So...you're asking whether two headphones that sound exactly the same will sound different? XD
 
I don't know of any $100 headphone that sounds like any $1,000 headphone, though there are certainly similarities.
 
Feb 15, 2015 at 2:17 PM Post #13 of 19

Elsweyr

New Head-Fier
Joined
Jul 17, 2014
Posts
9
Likes
10
haha i can't explain better than that. what i want to know is there are so many cheap headphones that sound great.. why does a $1000 headphone can sound greater than those? a am no audiophile, but i have listened one cheap and one pricier headphone.. and the difference was about zero. (beside one being more bassy and another not). i just can't see why a cheaper but good headphone ($100, $200) cannot be as good as a $500 or $1000 headphone at all.
 
Feb 15, 2015 at 2:24 PM Post #14 of 19

Music Alchemist

Pokémon trainer of headphones
Joined
Dec 17, 2013
Posts
20,092
Likes
2,181
  haha i can't explain better than that. what i want to know is there are so many cheap headphones that sound great.. why does a $1000 headphone can sound greater than those? a am no audiophile, but i have listened one cheap and one pricier headphone.. and the difference was about zero. (beside one being more bassy and another not). i just can't see why a cheaper but good headphone ($100, $200) cannot be as good as a $500 or $1000 headphone at all.

 
Which two headphones were they?
 
Once you hear enough headphones, you may find that some of the ones that cost thousands of dollars actually sound worse than affordable ones, though this is not the norm. The law of diminishing returns does apply, but there are still significant differences to be found. Most of the ~$100 headphones I've heard sounded pretty bad to me, honestly. I do have one ~$80 headphone that punches far above its price, though.
 
Here are some links to get a better grasp of the improvements brought about by ultra-high-end headphones:
 
http://www.innerfidelity.com/content/comparing-world-class-headphones
http://www.innerfidelity.com/content/innerfidelitys-wall-fame-full-size-open
http://www.head-fi.org/a/head-fi-buying-guide-ultra-high-end-headphones-summit-fi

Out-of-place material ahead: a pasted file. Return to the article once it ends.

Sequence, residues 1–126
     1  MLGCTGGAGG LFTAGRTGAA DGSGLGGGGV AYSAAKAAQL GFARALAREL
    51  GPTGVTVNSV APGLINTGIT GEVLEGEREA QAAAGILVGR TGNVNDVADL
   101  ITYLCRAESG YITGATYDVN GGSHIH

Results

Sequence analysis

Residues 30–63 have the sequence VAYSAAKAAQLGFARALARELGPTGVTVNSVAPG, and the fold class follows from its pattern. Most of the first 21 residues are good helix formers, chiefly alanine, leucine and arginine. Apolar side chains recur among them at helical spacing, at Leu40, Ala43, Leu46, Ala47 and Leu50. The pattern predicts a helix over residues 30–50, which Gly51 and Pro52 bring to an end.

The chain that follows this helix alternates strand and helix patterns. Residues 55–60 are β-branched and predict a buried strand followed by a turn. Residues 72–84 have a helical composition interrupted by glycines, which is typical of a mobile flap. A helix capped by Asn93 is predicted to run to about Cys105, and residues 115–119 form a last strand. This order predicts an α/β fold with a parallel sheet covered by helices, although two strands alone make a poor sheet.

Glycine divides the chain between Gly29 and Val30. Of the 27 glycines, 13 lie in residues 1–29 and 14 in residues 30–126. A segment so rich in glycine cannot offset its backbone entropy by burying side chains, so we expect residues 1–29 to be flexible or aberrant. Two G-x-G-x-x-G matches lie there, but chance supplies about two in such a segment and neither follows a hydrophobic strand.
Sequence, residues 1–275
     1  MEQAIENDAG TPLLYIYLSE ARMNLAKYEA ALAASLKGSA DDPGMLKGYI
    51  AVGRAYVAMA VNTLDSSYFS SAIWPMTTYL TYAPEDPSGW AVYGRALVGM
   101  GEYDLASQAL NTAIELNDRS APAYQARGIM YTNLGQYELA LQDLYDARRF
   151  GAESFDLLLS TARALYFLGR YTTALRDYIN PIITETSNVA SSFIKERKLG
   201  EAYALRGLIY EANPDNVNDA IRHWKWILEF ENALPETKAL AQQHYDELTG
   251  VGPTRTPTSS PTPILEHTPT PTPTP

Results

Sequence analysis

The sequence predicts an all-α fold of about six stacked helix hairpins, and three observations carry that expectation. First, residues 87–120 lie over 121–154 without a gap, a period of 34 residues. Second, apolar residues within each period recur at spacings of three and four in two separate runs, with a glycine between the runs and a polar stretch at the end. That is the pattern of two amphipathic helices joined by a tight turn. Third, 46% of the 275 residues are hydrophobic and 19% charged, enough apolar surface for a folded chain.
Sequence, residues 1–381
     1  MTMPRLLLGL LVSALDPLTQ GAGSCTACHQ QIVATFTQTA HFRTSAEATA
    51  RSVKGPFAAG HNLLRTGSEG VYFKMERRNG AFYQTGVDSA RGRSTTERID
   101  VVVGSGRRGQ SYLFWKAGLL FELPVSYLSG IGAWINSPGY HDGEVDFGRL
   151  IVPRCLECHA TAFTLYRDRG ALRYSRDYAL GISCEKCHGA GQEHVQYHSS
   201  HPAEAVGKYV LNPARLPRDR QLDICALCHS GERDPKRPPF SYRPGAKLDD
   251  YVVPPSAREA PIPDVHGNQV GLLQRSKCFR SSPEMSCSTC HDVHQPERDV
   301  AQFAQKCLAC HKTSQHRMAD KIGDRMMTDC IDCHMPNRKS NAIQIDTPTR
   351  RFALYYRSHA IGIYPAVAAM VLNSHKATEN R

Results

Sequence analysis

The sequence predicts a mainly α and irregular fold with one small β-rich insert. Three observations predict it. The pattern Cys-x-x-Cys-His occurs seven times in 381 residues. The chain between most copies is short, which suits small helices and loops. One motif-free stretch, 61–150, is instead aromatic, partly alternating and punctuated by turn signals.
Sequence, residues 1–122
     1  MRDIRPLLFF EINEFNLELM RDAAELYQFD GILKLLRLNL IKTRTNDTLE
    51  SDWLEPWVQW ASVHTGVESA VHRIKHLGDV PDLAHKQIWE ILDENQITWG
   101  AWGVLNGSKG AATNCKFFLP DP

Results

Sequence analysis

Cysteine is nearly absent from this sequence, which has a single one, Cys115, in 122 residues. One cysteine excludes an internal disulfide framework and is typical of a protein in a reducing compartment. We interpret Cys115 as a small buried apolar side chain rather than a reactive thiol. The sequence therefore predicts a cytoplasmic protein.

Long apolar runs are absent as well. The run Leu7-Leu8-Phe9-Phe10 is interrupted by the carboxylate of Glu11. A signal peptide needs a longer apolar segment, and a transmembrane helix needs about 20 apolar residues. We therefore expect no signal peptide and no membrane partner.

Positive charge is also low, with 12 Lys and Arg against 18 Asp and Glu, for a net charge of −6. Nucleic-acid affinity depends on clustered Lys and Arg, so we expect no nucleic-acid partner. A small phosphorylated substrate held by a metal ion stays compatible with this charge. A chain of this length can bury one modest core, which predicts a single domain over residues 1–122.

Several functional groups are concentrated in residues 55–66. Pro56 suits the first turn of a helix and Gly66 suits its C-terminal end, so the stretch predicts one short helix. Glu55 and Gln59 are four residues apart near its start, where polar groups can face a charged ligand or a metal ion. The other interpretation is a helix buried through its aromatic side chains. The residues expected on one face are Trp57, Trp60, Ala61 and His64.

Feb 18, 2015 at 11:14 AM Post #15 of 19

chupacabra314

100+ Head-Fier
Joined
Oct 8, 2014
Posts
364
Likes
195
 
Hi I am relatively novice headphone user, here's the headphones/IEMS I've listened to:
1. RE-0
2. Monster Turbine 
3. Monster Turbine Pro Copper
4. ATH-CKS77
5. Beyerdynamic Dt-770 Pro 32 Ohm
6. Klipsch Pro Media 2.1 Computer Speakers
7. A ton of crappy come with your device headphones
 
Currently I listen to all my music through my computer or smartphone. I am curious about audio quality so I had a few questions:
 
1. When should I purchase different source components ie a better source (high quality mp3?), amplifier, etc. Essentially, is the threshold $200 headphones? $300? 
2. What are all the source components (am I using that term correctly?) that impact audio quality? How does this differ from computers to laptops. 
3. Honestly, is the different significant if I upgrade these components? 
4. Is the difference between mp3 320kb/s to FLAC really noticeable at my level of audio components? 
5. For those who listen to FLAC files, where do you get your FLAC audio? 
6. How to IEMS vs Headphones vs Speakers compare for bang for your buck? Are you always going to get more bang for your buck when you go to larger devices? In other words is bang for you buck always in this order (Speakers>Headphones>IEMS)?
 
 
 
I have these questions because I am considering purchasing the following IEMS and comparing them to each other and #5 and #6 of my headphones/speakers, but I don't want to do a comparison and have my source be the bottleneck so they can't even perform to their true capabilities. At the same time though, I don't want to purchase $1000 of source components and be listening through devices that are way lower in quality. 
 
1. RHA MA-750i
2. Klipsch X7
3. DUNU-DN1000s
 
Two last questions:
7. If I do conduct my comparison, what songs do you suggest I listen to in order to test their quality? 
8. What threads should I look at to become educated enough to give a proper review? 
 
 
 
 
Thanks so much to anyone that responds! I am looking to learn more and become an audiophile haha, so sorry for all the questions and feel free to answer only 1 question if you want! Everything helps! 
 
PS: Sorry if this is in the wrong subforum, mods feel free to move it!
 

 
A quick reply to your questions above:
 
Q1-5. I don't think the source or FLAC vs 320kbps Mp3s will make a significant difference to untrained/inexperienced ears. I still can't tell the difference between FLAC and 320kbps Mp3s even with $400 IEMs and a dedicated source. I haven't tried more expensive DAPs but I assume the differences will be too subtle for me to justify the 3-10x cost. As other ppl said - the headphones/IEMs make the biggest difference in sound by far.
 
Q6. I think nowadays higher price doesn't necessarily mean better performance, especially given the fact that good performance means different things to different ppl. I'm afraid the only way to find out is try for yourself. Reading reviews is a nice starting point but you should only use them to narrow down your choice of things to try. In this case the MA750, X7 and DN1000 all have different sound and different construction so it will be very hard to give you a recommendation without knowing in depth what you are looking for. 
 
Q7. As other ppl said. Start with your favorite songs. This way you can easily spot the differences between configurations.
 
Q8. See here http://www.head-fi.org/a/glossary-of-terms and here http://www.head-fi.org/a/describing-sound-a-glossary
 

Users who are viewing this thread

Top